The Right can offer what progressives won’t: letting people be
The road from Left to Right is a well-trodden path. Radicals who became conservatives include Kingsley Amis, Paul Johnson and Peter Hitchens.
But more recently, the road has become choked not with converts, but refugees. They retain their affiliation as liberals, social democrats or even full-on socialists, but for one reason or another find themselves cast out by their former comrades.
There is of course the whole Intellectual Dark Web thing which I don’t have the space to untangle here. Other refugees include radical feminists branded as TERFs just for defending women-only spaces; Jewish people forced out by Left-wing anti-Semitism; and old-fashioned Labourites sick of having their patriotism portrayed as bigotry.
The list is likely to lengthen as wokery tightens its grip. And thus, searching for a place where they can speak up without being shouting down, the dissidents of the Left find themselves rubbing shoulders with the Right.
It’s not always a comfortable experience for either side. In fact, it can get downright weird. For instance, there’s the strange case of Russell Brand’s latest adventures — or how about this from Naomi Wolf:
Disorienting AF – I’m meeting a lot of conservatives, libertarians and…I LIKE them. Former are ladies and gentlemen, and very hospitable. The latter are a pleasure as they don’t try to control your opinions or actions! What to do?? I was trained to fear, dread non-liberals…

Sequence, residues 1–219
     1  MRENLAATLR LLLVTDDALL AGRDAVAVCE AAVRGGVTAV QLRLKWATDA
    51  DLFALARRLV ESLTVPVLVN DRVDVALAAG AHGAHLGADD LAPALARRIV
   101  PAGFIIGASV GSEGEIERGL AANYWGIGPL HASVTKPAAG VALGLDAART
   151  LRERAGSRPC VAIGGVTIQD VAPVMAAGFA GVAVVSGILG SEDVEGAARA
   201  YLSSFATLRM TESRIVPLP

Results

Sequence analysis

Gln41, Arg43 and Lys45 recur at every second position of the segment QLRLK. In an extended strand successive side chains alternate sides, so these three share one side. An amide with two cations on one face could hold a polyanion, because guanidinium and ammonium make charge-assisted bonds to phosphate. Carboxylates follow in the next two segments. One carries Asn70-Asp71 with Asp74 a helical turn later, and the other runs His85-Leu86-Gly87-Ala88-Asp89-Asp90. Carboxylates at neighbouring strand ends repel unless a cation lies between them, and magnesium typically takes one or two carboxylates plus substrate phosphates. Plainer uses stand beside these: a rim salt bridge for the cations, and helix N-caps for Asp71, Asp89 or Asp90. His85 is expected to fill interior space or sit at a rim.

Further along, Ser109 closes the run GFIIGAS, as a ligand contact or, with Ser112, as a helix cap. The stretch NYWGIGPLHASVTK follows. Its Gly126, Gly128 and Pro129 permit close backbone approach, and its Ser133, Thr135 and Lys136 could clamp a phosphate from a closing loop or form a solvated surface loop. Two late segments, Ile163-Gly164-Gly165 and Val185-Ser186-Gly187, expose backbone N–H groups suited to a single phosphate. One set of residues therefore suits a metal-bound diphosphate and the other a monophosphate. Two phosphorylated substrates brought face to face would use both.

— Dr Naomi Wolf (@naomirwolf) May 26, 2021
How should conservatives respond to a confusing situation?
First of all, with tact: don’t assume that every dissident is a potential defector. Secondly, with grace: the sharing of platforms with dissenting radicals is an opportunity not for point scoring, but to practice what you preach on free speech. Thirdly, with caution: not every new ally should be welcomed with open arms. For instance, the so-called Neocons — many of them former Trotskyites — did enormous harm to US conservatism by persuading it to embrace an adventurist foreign policy.
At a time when so many people are finding themselves politically homeless, there’s a danger that conservative intellectuals might attempt a new synthesis of these unmoored strands of thought. But even if the dissidents wanted to be assimilated into an expanded conservatism (and most of them don’t) it’s an impossible task.
The Left is now so intolerant that it’s driving out dissident groups that are directly opposed to one another. For instance, anti-war Chomskyans like Glenn Greenwald and liberal interventionists like Christopher Hitchens. It’s also hard to see the Rad Fems getting on with liberals who believe the #metoo movement has gone too far.
How can such a ferment of competing ideas ever be reconciled?
The answer is not to try. We should accept viewpoint diversity for what it is: a mass of contradictions. Conservatives must do what the woke Left won’t and that is let people be.